The first tree mentioned by name in the Bible is of course the fig, whose leaves Adam and Eve sewed together to cover their nakedness (Genesis 3:7). Grapes and wheat have come to symbolize the agriculture of Eretz Yisrael: both are species that have been actively cultivated for thousands of years; both are associated with culture, with knowledge, with civilization. The fig, on the other hand, the fourth of the seven species (Deuteronomy 8:8), seems more a symbol of the land itself. Figs in Israel dont grow in neat rows, and have not been adapted to modern agriculture. If you want to see fig plantations, where the fruit is mass-produced for drying, you have to travel to the Turkish countryside. Here, they grow as lone trees, in the courtyards of houses, along streams, on the sites of abandoned villages. They hardly seem to be a product of human cultivation they seem to be a natural part of the landscape.
Indeed, in folklore, fig trees grow not as a product of human efforts, but in defiance of them: In the old city of Acco there is a large fig tree growing out of a stone wall, which according to legend overcame all attempts by the caliph to have it cut down, miraculously sprouting anew after each attack. Among the wild raspberry and other weeds that persistently sprout in the rocky terrace in our front yard, a few years ago a little plant appeared with leaves that looked like fig leaves. We left it alone. It is now a stunted, weirdly shaped sapling, whose branches, instead of growing upward, curve downward from the terrace in which it is rooted. And if we had any doubts about its identity, this spring it has produced a fruit that is clearly an unripe fig.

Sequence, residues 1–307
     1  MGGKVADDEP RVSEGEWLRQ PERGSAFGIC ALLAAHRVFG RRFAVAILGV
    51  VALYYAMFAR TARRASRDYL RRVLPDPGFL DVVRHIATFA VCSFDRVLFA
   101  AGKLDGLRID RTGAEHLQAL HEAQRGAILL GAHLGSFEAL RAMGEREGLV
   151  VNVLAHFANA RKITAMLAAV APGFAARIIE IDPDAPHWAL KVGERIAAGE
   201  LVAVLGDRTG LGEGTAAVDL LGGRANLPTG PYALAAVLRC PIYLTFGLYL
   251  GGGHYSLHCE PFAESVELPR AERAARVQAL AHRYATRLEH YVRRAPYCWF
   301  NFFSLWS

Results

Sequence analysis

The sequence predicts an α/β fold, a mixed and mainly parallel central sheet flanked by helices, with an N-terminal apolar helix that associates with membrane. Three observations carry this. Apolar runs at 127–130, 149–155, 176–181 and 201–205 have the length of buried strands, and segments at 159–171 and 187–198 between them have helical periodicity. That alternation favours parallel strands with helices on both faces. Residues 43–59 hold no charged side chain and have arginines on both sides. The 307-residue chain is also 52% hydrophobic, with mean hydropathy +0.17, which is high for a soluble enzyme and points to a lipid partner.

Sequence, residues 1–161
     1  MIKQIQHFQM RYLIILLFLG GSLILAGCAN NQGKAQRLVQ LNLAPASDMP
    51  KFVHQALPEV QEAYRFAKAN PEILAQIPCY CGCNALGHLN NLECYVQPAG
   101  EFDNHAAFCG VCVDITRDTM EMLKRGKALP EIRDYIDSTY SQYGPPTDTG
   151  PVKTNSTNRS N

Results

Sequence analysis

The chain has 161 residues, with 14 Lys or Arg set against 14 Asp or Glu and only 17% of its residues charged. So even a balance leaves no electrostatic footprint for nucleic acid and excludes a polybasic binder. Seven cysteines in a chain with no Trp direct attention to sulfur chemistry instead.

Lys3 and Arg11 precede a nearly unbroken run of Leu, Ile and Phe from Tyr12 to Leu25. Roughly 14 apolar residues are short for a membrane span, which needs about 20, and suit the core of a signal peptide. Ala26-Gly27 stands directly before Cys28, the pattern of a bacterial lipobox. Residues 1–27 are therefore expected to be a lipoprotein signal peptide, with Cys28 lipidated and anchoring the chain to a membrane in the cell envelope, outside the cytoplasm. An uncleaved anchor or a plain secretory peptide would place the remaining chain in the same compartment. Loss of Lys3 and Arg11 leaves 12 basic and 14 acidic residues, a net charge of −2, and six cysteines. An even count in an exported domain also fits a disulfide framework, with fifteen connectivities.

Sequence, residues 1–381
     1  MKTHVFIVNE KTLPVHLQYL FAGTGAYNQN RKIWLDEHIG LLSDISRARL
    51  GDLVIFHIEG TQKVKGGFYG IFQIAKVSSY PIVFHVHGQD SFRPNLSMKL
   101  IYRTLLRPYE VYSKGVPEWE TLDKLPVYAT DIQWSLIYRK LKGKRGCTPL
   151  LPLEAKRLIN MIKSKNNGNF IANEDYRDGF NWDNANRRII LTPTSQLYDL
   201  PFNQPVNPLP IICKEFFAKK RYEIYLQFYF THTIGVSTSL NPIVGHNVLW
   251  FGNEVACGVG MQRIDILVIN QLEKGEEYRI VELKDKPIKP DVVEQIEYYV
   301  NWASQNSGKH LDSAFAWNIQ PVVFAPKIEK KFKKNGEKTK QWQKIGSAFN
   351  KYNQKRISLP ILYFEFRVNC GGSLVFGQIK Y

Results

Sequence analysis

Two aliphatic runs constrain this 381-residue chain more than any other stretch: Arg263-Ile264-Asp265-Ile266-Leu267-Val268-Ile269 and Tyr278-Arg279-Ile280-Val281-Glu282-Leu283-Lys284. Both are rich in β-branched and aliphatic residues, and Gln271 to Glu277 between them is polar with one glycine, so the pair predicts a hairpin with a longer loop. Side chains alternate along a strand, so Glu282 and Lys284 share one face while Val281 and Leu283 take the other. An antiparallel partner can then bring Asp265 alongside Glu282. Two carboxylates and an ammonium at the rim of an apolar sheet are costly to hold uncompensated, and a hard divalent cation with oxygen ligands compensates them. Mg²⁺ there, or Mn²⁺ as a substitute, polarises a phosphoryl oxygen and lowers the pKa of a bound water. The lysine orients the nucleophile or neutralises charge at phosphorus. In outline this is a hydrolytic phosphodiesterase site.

He set him atop the highlands, to feast on the yield of the earth;
He fed him honey from the crag, and oil from the flinty rock
Honey from the crag refers to Sichni and its environs: it is told that Rabbi Judah said to his son, Go and bring me dried figs from the barrel. He [came back and] said, Father, there is only honey there. R. Judah said, stick your hand into the honey and bring up the figs.
Midrash Sifrei, Haazinu 316
Sichni is generally thought to be Sachnin, the Arab town located about five minutes drive from Shorashim. In the Talmud, Sichni and its valley are often used to symbolize the bounty of the land, the richness and high quality of the agricultural produce of Israel. The honey from the crag (and in Psalm 81:17, honey from the rock) seems to be understood as fig honey, the sweet syrupy juice of this fruit. Hence, the lone fig on the stunted tree sprouting from the rock in our yard is no less than the referent of the biblical image in Deuteronomy and Psalms, honey from the rock.
In summer, pre-teenage Arab boys endanger their lives and ours, standing on the shoulder of the highway, holding out buckets of fresh-picked ripe figs, oozy in the sun and sickeningly sweet, the taste of decadence. Why are figs not a significant commercial crop here? One reason, apparently is that a trees fruit ripens over a long period, not all at once, so the figs must be harvested by hand, one at a time, re-picking the same tree day after day; only Arab boys have the time.
Why is the Torah likened to a fig tree? All other trees the olive, the grape, the date are harvested all at once; but the fig tree is harvested little by little. So it is with the Torah: today you learn a little; tomorrow you learn a lot; the Torah is not learned in one year nor even in two years. Hence the verse, He who tends a fig tree will enjoy its fruit [Proverbs 27:18] refers to the Torah as fruit.
-Midrash Bamidbar Rabbah 12:9
Once again, text and land - each helps us find meaning in the other.